Is WiMAX Ready For Prime Time?
The functionality of WiMAX is well established, but the path and timeline for it to become mainstream and impact the channel remain unclear.
Business Solutions, May 2009
While vendors can’t answer that question, they can explain why WiMAX deployments may take another 18 months to two years before gaining much popularity. This is so because, unlike Wi-Fi, WiMAX is installed along geographic lines, often via projects coordinated with a major city, such as Baltimore, which launched WiMAX with Sprint last fall, and Seattle, which first started rolling out WiMAX in 2004 with Clearwire. The best analogy for WiMAX deployments is the rollout of cable decades ago; vendors pay cities to install WiMAX infrastructure and then charge fees to users for access to any point on the network. “This is a proven technology, and it has lots of benefits,” says Schwab. “But, it was more expensive than originally thought, so it has rolled out more slowly than anticipated.” Bent says the best potential for WiMAX deployments may be in verticals such as higher education, school districts, and other large businesses such as hospitals with large physical campuses. “These sorts of larger enterprises could implement WiMAX since fewer base towers are needed to cover a large area than with Wi-Fi,” he explains.
WiMAX Is Still A VAR Opportunity
Despite those minor hurdles, with mobile phones and laptops proliferating, the idea of a blanket of wireless connectivity will most certainly gain popularity. “It is likely that we will see the opportunity for outdoor availability and G3 speed push WiMAX forward, but regardless, it will take a while for the opportunity to be strong enough for a VAR to sell it as a product,” says Schwab. The best bet for VARs will be developing a set of value propositions for businesses such as airports, where connectivity can become a revenue stream. To do that, however, VARs will have to consider how to make WiMAX worth the investment when many of the prime businesses have already invested in wireless or DSL infrastructure.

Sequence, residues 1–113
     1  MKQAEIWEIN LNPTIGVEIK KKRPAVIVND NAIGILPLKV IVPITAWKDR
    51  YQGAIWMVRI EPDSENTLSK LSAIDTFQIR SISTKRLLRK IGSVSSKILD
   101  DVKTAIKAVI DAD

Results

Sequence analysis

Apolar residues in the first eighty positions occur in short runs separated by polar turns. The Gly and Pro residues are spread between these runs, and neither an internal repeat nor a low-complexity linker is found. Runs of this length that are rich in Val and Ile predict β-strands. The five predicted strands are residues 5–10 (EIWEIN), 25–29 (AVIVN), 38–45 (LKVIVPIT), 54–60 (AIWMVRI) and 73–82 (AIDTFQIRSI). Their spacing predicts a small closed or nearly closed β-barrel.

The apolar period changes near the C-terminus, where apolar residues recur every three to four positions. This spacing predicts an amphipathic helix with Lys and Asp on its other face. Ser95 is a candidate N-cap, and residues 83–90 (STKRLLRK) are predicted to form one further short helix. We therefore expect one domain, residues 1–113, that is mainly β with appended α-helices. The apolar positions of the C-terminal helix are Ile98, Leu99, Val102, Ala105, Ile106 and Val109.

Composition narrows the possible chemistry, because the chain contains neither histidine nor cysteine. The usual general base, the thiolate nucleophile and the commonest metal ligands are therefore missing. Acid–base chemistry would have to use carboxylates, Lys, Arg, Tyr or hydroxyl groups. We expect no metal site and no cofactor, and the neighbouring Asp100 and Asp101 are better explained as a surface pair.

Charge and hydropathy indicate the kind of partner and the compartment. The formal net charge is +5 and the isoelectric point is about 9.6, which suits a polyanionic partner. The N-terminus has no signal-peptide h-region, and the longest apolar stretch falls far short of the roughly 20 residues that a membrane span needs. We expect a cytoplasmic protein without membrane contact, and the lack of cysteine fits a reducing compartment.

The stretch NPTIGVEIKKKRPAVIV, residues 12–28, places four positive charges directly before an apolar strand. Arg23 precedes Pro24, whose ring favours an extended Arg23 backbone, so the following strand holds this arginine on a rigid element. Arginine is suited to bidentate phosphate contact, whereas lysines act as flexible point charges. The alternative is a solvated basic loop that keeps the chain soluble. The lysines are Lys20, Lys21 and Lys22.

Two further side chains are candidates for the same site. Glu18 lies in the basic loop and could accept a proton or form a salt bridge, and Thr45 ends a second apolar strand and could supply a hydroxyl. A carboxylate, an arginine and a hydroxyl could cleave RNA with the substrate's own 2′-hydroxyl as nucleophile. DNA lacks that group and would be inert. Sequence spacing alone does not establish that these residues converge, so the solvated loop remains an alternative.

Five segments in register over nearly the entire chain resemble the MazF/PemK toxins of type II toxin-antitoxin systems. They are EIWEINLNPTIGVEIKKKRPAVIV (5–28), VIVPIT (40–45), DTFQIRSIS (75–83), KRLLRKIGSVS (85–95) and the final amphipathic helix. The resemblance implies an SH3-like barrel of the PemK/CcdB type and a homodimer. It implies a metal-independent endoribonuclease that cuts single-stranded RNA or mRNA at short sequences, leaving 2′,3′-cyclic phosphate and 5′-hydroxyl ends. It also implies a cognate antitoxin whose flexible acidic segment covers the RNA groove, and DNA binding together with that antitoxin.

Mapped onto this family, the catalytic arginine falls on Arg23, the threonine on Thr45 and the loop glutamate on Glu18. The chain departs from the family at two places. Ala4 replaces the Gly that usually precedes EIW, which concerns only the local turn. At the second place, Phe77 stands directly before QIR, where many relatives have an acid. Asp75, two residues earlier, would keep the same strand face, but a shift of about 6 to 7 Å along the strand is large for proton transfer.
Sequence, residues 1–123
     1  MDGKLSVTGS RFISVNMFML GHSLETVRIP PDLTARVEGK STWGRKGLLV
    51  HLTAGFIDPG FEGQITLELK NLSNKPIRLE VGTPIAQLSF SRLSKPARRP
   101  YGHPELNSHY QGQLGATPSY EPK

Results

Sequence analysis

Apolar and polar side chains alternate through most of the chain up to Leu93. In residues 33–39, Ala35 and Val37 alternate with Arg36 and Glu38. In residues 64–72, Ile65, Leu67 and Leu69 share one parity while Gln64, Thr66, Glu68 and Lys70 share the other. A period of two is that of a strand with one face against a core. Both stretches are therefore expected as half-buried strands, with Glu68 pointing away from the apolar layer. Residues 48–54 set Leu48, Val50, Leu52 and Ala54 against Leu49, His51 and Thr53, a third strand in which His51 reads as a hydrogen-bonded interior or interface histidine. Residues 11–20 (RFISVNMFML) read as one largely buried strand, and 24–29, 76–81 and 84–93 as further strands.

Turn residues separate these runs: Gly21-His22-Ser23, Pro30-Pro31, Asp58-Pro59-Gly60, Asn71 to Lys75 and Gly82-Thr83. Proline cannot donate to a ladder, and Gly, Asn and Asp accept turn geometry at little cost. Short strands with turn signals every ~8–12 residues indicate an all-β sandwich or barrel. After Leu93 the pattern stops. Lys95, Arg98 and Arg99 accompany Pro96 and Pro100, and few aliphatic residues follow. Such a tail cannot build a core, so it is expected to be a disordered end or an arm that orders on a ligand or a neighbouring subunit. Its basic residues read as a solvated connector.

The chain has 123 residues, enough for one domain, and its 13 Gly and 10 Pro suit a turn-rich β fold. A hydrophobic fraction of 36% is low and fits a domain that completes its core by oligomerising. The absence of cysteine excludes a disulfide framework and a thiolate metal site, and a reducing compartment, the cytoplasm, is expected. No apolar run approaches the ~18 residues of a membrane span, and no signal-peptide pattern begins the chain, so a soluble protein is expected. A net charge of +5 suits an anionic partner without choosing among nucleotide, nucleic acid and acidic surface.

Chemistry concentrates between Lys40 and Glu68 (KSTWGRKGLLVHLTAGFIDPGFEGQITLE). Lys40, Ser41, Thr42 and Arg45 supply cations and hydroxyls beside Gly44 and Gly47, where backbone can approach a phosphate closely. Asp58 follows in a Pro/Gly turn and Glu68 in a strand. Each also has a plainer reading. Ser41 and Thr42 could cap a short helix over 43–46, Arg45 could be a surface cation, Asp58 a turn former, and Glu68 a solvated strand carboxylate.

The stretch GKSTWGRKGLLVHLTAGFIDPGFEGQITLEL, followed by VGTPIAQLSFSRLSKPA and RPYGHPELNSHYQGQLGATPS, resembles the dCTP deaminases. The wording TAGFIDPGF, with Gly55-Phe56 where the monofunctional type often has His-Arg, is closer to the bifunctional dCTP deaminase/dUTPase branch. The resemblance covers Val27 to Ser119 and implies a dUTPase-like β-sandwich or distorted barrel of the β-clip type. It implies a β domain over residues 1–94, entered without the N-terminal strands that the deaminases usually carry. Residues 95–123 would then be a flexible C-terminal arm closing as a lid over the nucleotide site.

In the meantime, WiMAX technology is likely to make a splash in other nations before it hits consumers’ must-have lists in the United States. The reason, explains Bent, is due to that existing infrastructure investment. “WiMAX will continue to grow significantly in the near future, and we will see some U.S. cities implementing the WiMAX network as a way to provide more affordable, widespread connectivity in places with no established access right now. WiMAX will also likely play a significant role in developing countries where wired connections are not available and nothing has been invested in other infrastructures.”
While Schwab and Bent agree the technology is ready to roll out, they say the best action for VARs is watching the market and staying informed about how WiMAX is being used when it is implemented. “I would advise VARs to stay knowledgeable about this technology because you will have customers asking for it, especially as WiMAX-enabled hardware rolls out. It is definitely a future opportunity,” says Schwab.